According to Facebook AI Research, the next generation of robots should be much better at feeling — not emotions, of course, but using the sense of touch. And to advance the ball in this relatively new area of AI and robotics research, the company and its partners have built a new kind of electronic skin and fingertip that are inexpensive, durable, and provide a basic and reliable tactile sense to our mechanical friends.
The question of why exactly Facebook is looking into robot skin is obvious enough that AI head Yann LeCun took it on preemptively on a media call showing off the new projects.
Funnily enough, he recalled, it started with Zuckerberg noting that the company seemed to have no good reason to be looking into robotics. LeCun seems to have taken this as a challenge and started looking into it, but a clear answer emerged in time: if Facebook was to be in the business of providing intelligent agents — and what self-respecting tech corporation isn’t? — then those agents need to understand the world beyond the output of a camera or microphone.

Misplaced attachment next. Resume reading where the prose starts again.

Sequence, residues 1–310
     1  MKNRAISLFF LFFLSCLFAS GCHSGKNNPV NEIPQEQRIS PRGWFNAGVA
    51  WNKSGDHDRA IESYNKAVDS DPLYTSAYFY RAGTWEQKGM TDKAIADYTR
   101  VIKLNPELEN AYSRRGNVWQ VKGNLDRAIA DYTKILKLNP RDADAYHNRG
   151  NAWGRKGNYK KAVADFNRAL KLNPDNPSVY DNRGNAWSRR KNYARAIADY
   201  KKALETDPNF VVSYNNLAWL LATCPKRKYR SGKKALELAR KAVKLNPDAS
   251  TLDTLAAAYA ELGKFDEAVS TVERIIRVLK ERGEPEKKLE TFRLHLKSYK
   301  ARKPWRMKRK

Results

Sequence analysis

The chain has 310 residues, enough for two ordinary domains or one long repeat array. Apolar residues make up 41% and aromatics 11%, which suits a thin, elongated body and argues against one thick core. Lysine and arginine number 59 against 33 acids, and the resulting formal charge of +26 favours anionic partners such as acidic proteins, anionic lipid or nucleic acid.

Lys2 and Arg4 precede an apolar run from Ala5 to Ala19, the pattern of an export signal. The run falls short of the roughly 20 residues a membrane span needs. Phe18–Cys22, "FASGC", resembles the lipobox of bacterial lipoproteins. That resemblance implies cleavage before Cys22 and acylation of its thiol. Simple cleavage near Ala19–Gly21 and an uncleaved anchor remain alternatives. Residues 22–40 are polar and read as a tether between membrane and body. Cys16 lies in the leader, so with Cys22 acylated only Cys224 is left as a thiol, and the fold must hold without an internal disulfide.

The sense of touch isn’t much good at telling whether something is a picture of a cat or a dog, or who in a room is speaking, but if robots or AIs plan to interact with the real world, they need more than that.
“What we’ve become good at is understanding pixels and appearances,” said FAIR research scientist Roberto Calandra, “But understanding the world goes beyond that. We need to go towards a physical understanding of objects to ground this.”
While cameras and microphones are cheap and there are lots of tools for efficiently processing that data, the same can’t be said for touch. Sophisticated pressure sensors simply aren’t popular consumer products, and so any useful ones tend to stay in labs and industrial settings.